Most ovarian cysts, even complex ones, are benign. Of course, in women with an increased risk of ovarian cancer (such as BRCA1+ or BRCA2+), an ovarian mass would have a greater chance of being malignant. You said you have a family history of breast and uterine cancer but did not mention ovarian cancer (OC). If you do not have a genetic predisposition for OC then your lifetime risk is less than 2% (1.3% to be exact) - http://seer.cancer.gov/statfacts/html/ovary.html.
How big was the cyst at your last u/s?
Some complex cysts end up going away on their own but if they get too large or have a number of suspicious traits, two being thick septations and papillary projections, they typically need to be surgically removed.
Unfortunately, FAR too many women lose an ovary or ovaries when all that should be removed is the cyst (cystectomy) if it is benign (as determined by the frozen section done while in the operating room). Some surgeons do not have good cystectomy skills or do not want to take the extra time for this more delicate surgery. Did your surgeon explain her plans for surgery?
I had a 9.5cm complex cyst that was benign per frozen section. My gynecologist over-treated me in the worst of ways. Instead of removing just the cyst, he removed BOTH ovaries and my uterus. All my organs were healthy...I just needed the cyst removed. I am living with the reduced quality of life and increased health risks of hysterectomy and ovary removal.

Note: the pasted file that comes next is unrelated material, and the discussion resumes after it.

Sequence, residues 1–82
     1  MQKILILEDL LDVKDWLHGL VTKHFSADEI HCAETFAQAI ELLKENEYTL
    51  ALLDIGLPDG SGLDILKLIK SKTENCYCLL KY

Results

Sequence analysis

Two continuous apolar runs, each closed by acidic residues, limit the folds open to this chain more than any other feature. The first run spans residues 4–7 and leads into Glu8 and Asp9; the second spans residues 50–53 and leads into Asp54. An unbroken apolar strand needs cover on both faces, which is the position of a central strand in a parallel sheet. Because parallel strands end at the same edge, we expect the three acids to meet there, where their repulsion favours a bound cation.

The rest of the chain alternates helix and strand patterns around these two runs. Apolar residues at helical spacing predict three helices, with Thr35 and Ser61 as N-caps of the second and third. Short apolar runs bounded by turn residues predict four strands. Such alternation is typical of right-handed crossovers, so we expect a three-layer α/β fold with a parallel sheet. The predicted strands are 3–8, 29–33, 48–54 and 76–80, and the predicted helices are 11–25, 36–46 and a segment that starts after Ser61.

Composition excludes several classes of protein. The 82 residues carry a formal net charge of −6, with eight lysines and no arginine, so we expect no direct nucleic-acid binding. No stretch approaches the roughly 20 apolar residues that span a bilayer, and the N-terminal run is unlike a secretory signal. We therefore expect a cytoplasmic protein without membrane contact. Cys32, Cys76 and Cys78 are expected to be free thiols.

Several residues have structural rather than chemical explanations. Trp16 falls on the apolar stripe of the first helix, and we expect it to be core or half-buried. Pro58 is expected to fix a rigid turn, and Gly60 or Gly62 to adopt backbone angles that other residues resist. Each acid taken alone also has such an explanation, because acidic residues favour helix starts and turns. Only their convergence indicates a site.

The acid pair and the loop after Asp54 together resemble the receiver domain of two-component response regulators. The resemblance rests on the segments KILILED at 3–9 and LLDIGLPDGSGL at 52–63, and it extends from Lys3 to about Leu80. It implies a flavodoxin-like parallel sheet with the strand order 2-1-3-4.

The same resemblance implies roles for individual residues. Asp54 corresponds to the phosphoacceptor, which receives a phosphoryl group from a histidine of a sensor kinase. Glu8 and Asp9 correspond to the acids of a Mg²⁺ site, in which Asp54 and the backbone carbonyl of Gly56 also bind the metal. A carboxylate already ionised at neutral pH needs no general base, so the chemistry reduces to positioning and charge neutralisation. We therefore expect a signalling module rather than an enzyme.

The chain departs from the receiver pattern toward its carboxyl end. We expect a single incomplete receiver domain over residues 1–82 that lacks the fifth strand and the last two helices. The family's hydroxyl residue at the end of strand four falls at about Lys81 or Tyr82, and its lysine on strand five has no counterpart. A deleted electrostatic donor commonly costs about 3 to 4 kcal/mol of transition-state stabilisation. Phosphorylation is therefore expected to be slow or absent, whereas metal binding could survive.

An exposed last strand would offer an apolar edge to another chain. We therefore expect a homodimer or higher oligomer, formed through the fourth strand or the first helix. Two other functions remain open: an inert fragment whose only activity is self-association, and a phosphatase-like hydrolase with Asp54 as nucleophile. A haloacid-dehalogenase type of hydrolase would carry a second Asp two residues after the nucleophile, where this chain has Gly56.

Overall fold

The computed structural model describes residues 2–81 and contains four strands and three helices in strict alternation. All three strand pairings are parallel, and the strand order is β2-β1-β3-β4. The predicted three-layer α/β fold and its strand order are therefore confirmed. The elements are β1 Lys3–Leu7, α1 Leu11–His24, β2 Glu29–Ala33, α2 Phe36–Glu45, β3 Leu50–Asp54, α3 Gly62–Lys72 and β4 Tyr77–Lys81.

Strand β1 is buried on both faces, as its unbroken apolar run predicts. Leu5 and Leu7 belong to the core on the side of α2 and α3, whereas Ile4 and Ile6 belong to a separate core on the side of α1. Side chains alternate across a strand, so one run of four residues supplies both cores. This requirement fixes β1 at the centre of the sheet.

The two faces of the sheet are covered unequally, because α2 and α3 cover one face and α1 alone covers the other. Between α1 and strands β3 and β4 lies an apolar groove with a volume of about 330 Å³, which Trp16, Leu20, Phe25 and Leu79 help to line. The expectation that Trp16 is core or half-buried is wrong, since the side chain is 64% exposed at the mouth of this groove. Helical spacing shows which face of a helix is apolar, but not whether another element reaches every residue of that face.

The uterus and ovaries work together our whole lives to keep us healthy. They are not just for reproduction. Studies show the importance of these organs. The uterus is essential for anatomical integrity (bladder and bowel positioning and function), skeletal / figure integrity (alignment of spine, hips, rib cage), sexual function, and ovarian hormone production.
Removal of any part of this system (an ovary, the uterus, tubes) can permanently disrupt its normal functioning. Studies show many increased health risks associated with ovary removal or (premature) ovarian failure. Premature ovarian failure (POF) is sort of a misnomer because the ovaries do not shut down at menopause. They merely shift from their reproductive / exocrine functions to their endocrine functions. Having an ovary removed can throw you into this situation.
I hope this helps. Best of luck to you in getting treatment that restores your health versus causing more problems.
Sorry for the long delay in response. I've just had open surgery to remove my right ovary. I had a CT scan which also showed abnormalities on my left ovary. During my operation they took a biopsy from my left ovary and a biopsy from the tissue around my stomach as well as a washing? Not too sure what the means. I was operated on by an oncologist and am now waiting on biopsy results.
The consultant said that if it is ovarian cancer it is more then likely stage 1b. I didn't really take much in once he had said that. My mind has been a complete mix of emotions. Now it's just this horrible waiting part. X
I'm so sorry to hear that! I had a 9.5cm mucinous cystadenoma. There was no mention of it being borderline so I assume it was not. Post back after you meet with the surgeon. I will be thinking about you through all of this. Hugs
Thank you for the update. I'm sorry you're dealing with this but glad it was borderline and caught early. I hope your other ovary stays healthy!!